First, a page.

SOUTH FORSYTH -- Issues surrounding proposed apartments at The Collection at Forsyth, a popular outdoor mall in south Forsyth, will not be resolved this year.
At a regular meeting on Thursday, the Forsyth County Board of Commissioners reached a tie vote of 2-2-1, with District 1 Commissioner Pete Amos and District 4 Commissioner Cindy Jones Mills against and District 2 Commissioner Brian Tam recused, to deny an overlay for The Collection that would allow for residential apartments.
County Attorney Ken Jarrard said the split vote means no action will be taken until after Rick Swope, the sole candidate for the District 2 commission seat, takes office in January.
“Per [the county’s] rules, that acts as an automatic deferral until the tie can be broken,” Jarrard said. “That’s going to be challenging in this case because the tie can’t be broken with this board with Commissioner Tam recused, so I think the practical result is it acts as a deferral until either the new year or the recusal stands down, which I don’t know that that’s going to happen.”
A recusal by Tam, who is stepping down from the seat he has held since 2004, has caused issues with some opponents of the overlay who have said they feel they are not being represented in the process — The Collection is in District 2.
Swope said Friday he could not attend the meeting due to a conflict with the American Veteran Center’s annual Conference in Washington, D.C., but that he hopes to work toward a plan.
“I would like to see a solution that works for everybody, so I think that the fact there was not a moving ahead without District 2 representation is a good thing,” Swope said. “I’m looking forward to working with the community and with Core [Property Management, which owns The Collection] to try to come up with something that fits what we’re all looking for.”
Swope said he has already started working on the plan.
The sole candidate for the District 5 seat, Laura Semanson, is slated to take over for incumbent Jim Boff at the same time and will also vote on the issue. The votes for Amos, Mills and District 3 Commissioner Todd Levent cannot be changed.
The proposed overlay extends over the current area of the shopping center with a community zone to the west in an undeveloped area and requires a change to the county’s unified development code.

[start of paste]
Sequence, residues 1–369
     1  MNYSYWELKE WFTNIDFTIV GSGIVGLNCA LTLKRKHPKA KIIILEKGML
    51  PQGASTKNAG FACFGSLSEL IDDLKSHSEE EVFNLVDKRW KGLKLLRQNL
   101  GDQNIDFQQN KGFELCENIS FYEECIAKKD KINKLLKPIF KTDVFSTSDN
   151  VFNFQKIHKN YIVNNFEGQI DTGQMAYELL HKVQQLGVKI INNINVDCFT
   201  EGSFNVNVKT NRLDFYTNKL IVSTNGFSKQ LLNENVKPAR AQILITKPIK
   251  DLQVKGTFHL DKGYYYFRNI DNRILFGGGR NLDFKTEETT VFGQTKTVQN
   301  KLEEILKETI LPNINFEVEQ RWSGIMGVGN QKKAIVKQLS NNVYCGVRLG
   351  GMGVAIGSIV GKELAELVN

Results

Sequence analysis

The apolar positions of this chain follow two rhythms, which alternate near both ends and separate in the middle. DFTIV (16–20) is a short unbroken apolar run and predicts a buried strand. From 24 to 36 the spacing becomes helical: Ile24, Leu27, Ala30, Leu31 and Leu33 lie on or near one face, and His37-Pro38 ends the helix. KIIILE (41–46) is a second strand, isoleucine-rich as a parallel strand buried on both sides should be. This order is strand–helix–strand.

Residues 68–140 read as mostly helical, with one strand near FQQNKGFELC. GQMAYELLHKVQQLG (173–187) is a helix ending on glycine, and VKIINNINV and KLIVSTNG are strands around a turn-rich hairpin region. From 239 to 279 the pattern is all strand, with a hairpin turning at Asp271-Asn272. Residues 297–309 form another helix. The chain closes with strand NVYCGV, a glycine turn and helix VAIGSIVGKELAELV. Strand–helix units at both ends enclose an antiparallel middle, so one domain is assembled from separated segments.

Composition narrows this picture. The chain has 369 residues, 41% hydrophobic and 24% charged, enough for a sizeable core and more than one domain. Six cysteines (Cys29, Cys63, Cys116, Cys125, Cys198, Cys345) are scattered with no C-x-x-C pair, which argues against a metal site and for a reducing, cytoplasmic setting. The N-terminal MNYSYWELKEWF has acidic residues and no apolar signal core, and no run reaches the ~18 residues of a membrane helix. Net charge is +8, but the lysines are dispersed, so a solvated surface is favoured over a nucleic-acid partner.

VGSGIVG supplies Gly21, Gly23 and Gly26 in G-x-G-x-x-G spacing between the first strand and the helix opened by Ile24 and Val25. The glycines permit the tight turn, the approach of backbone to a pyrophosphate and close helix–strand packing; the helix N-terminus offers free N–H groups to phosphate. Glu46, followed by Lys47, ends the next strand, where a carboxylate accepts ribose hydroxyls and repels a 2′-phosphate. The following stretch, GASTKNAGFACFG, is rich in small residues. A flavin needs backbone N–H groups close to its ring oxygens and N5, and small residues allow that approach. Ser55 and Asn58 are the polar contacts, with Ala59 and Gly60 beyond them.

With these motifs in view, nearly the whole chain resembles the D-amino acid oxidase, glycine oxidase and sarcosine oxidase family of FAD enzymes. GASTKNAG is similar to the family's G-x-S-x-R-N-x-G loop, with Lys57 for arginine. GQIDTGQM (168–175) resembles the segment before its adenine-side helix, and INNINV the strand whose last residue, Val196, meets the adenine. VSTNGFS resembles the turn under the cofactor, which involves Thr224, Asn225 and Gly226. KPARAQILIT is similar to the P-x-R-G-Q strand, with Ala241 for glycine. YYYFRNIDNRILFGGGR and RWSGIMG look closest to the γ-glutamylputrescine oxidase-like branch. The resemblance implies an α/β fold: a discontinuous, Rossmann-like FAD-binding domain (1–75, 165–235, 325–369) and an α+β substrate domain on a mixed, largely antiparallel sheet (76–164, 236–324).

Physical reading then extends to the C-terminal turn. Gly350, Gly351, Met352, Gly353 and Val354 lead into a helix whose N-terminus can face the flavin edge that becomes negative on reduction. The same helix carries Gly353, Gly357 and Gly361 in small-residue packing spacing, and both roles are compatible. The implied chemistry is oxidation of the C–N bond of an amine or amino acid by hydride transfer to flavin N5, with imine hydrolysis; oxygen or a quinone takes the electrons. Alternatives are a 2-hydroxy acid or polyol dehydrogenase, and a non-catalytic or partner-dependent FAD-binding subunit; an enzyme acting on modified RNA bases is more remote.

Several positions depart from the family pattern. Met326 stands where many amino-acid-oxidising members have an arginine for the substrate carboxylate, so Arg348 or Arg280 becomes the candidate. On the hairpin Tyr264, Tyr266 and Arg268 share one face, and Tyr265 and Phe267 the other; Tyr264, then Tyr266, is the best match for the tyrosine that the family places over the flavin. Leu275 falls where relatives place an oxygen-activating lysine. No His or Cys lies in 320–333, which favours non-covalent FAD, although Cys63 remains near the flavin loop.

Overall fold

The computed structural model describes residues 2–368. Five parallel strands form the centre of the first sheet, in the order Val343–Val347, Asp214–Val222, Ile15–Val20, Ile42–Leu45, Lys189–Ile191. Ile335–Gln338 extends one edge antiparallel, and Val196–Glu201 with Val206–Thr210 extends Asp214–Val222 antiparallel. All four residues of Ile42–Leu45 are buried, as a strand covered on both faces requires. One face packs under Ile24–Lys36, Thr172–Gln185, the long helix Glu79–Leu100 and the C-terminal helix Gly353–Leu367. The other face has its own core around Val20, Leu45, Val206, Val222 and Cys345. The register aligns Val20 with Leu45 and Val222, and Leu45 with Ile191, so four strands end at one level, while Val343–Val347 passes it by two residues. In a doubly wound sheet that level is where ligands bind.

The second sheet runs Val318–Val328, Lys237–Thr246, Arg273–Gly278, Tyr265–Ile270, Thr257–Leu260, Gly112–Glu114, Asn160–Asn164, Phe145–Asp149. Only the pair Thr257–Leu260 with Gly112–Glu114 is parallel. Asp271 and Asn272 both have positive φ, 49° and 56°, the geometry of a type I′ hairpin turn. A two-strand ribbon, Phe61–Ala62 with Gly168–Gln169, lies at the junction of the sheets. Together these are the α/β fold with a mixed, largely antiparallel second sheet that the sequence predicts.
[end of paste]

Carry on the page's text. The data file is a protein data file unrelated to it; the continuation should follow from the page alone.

The development has been proposed with a maximum of 309 units and a building that could reach up to five stories atop a one-story parking deck.
Part of the proposal includes a beautification project for Ga. 400’s Exit 13.
Typically in meetings, the commission has two periods for public comments, one early and one later, with 10 speakers. On Thursday, commissioners agreed to combine the two and had 21 public speakers, the majority speaking on the overlay.
In several cases, those involved with businesses at the shopping center were in favor and nearby homeowners were not, many citing the lack of a commissioner for the district and requesting the matter be tabled.
District 2 resident Rene Guidry said Mills and Amos had supported voting by district rather than by all county voters during previous discussions on altering the make-up of the commission.
“The leader who I elected cannot actually vote on this and it’s something directly in my district, so that’s taking away my right,” he said before the vote. “Who do I hold accountable for this? It’s none of the actual people who are voting on it, because I can’t vote for you.”
Ethan Underwood, who represents the development, said he was present when Alpharetta had a similar discussion on adding The Avalon and contrasted this with mixed-use developments that want to build the commercial portion first.
“This is a watershed moment and it’s tough. You’ve got a room full of people here saying, ‘You know what, I don’t want it,’ but I was in that room when people said they didn’t want the Avalon,” he said. “Tonight is an important decision and I promise you, promise you, when you look back at it, if you approve it, you’ll say this was the right one.”
Before the public comments, Amos read a statement attempting to clarify rumors that Mills had previously voted on a pair of apartments in her district, both of which were approved before her election to the board.
Previously in the week, emails reportedly between Mills and representatives with Core discussing community concerns circulated on social media, with many opponents alleging wrongdoing.
Phillip Barlag of the Sharon Springs Alliance, a group that supports cityhood for the area and that posted an article critical of Mills’ emails online, said on Friday the group was happy with the decision, but felt her reasoning of finding answers “ring a little hollow.”
When reached on Friday, Mills said she had reached out to both sides and sent the email as an attempt to answer questions that she wasn’t able to, which she said she does on many issues.
“If I don’t know answers, I try to reach out to whoever is doing the development in getting those answers,” she said. “I either try to get them to address it for me if I don’t know the answer or I try to get it answered at the public hearing.”